Material destitution coexists with spiritual exaltation in this poetic and photographic meditation on homelessness.
Wilson, a photographer and documentarian, shot and talked to people in homeless settlements in Oregon and Washington, sussing out the hard-won insights of these “American street philosophers.” Despite the tenuousness of their camps of cardboard boxes, sleeping bags, and the odd tent hunkered beneath bridges and overpasses that constitute their only shelter against lowering skies, their poetic musings keep returning to a crucial theme: the importance of community. “If the universe aims at richness / then the uniqueness of individuals is prime,” notes Tom, a former philosophy teacher, but he also believes that the “evolution of friendship / is greater, more important / than anything I could own or collect.” It’s a poignant reminder that the loss of connection to other people, even more than the loss of a house, is the central tragedy of homelessness. The second half of the debut book therefore explores Dignity Village, a settlement situated in a Portland parking lot where some homeless people have regained permanent shelter in the form of 42 tiny houses built from castoff and recycled building materials and supported by donations and residents’ sweat equity. It’s a slightly preachy place—“solar and wind powered,” with composting toilets and organic gardens—and its ethos is one of austere self-sufficiency. Writes resident Paul C., “Welfare begets welfare… / strips dignity, self-esteem, self-worth, self-reliance,” while Ed G. counsels an almost Buddhist renunciation of the material world as the path to freedom: “The more you have the more you want / and you stay unhappy because / there’s always more to want.” But autonomy is as much a group as an individual enterprise to judge by Wilson’s appealing photos of Dignity Villagers cooperatively building houses, staging barbecues, and painting their brightly colored sheds with cat murals to beautify the neighborhood. Even more captivating are his portraits of people—old couples, grizzled loners, toddlers, young people busking on the accordion for change—which bring to life these often invisible Americans in all their vibrant humanity.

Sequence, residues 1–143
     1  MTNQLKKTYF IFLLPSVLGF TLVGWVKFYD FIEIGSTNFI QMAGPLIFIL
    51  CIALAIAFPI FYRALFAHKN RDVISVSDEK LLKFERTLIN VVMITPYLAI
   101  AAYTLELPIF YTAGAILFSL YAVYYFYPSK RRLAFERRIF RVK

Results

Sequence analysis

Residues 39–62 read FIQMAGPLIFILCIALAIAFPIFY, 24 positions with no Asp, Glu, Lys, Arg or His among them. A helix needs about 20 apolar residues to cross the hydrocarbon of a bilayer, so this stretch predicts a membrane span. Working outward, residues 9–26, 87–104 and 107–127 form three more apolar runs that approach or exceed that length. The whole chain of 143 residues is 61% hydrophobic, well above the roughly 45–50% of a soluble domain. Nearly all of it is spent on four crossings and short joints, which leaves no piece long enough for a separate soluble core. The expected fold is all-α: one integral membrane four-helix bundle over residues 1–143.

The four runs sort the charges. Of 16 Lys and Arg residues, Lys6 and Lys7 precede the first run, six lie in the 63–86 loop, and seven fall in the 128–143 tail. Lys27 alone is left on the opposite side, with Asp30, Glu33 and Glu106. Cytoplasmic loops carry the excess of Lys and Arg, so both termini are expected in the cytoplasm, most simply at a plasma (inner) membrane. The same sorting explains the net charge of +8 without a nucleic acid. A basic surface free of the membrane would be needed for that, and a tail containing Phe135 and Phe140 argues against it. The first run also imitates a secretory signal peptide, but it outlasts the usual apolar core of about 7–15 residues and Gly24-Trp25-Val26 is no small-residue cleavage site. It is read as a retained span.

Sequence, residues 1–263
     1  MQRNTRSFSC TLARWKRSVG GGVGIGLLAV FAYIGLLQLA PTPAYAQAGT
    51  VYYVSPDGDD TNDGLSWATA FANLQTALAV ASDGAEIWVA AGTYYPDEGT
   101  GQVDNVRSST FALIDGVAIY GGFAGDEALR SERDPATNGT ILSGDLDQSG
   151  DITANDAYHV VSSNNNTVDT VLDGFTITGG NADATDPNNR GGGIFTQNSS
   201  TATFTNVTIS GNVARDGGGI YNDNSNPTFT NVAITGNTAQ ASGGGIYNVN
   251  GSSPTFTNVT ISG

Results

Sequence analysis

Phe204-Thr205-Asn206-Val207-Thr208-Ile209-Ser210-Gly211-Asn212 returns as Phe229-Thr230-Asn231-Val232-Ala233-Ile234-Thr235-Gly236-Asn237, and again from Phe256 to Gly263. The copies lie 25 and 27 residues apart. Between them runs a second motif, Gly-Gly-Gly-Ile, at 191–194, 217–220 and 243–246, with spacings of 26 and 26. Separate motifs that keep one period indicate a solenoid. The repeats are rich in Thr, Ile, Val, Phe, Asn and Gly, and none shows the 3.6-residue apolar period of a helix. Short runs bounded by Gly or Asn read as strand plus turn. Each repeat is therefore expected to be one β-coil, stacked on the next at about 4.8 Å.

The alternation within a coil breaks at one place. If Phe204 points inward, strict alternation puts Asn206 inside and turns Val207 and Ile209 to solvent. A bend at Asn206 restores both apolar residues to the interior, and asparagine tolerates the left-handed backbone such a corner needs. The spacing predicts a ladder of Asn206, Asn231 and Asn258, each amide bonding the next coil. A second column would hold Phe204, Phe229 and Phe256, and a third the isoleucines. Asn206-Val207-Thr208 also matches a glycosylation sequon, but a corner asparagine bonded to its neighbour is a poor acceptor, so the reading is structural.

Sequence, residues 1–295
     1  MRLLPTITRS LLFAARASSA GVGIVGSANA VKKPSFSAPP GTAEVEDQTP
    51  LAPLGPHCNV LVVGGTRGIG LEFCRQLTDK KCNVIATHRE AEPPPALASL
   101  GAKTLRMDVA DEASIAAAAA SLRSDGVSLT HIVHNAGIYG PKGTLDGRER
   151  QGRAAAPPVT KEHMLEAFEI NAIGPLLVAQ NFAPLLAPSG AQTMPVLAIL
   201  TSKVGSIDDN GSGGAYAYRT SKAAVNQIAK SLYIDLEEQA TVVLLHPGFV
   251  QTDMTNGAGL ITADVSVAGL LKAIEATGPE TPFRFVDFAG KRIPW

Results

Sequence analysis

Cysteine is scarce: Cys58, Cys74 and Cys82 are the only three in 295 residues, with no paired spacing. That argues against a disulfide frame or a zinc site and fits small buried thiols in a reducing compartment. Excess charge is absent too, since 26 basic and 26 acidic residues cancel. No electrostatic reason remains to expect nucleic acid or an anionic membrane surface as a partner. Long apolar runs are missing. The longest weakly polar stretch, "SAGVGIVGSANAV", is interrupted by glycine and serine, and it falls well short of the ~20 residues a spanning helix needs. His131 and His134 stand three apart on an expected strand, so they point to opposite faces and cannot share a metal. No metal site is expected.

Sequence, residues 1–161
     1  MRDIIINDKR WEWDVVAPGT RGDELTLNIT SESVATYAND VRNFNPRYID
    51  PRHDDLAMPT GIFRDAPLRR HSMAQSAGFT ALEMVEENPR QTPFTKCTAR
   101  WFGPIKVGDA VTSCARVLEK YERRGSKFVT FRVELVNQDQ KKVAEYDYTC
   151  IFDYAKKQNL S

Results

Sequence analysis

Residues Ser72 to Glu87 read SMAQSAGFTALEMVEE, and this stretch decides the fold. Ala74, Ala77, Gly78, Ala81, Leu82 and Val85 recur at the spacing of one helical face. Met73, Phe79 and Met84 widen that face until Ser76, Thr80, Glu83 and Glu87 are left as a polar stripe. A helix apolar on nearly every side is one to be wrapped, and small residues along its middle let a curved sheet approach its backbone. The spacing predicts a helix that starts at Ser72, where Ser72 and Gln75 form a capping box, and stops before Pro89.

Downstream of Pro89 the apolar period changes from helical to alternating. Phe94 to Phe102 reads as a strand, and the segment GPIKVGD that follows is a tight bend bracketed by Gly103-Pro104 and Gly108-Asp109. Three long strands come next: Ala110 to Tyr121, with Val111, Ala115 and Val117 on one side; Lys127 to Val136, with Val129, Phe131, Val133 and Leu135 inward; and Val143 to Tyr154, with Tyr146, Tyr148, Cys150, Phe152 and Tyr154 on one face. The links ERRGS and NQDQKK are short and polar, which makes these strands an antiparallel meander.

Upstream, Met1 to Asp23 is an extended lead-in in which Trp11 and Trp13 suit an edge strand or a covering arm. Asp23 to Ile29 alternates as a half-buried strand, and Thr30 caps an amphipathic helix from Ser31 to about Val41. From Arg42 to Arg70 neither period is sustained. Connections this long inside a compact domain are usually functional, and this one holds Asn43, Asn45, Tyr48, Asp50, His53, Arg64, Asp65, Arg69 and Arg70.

A moving pictorial study of the meaning of home and an implicit critique of society’s conception of the good life.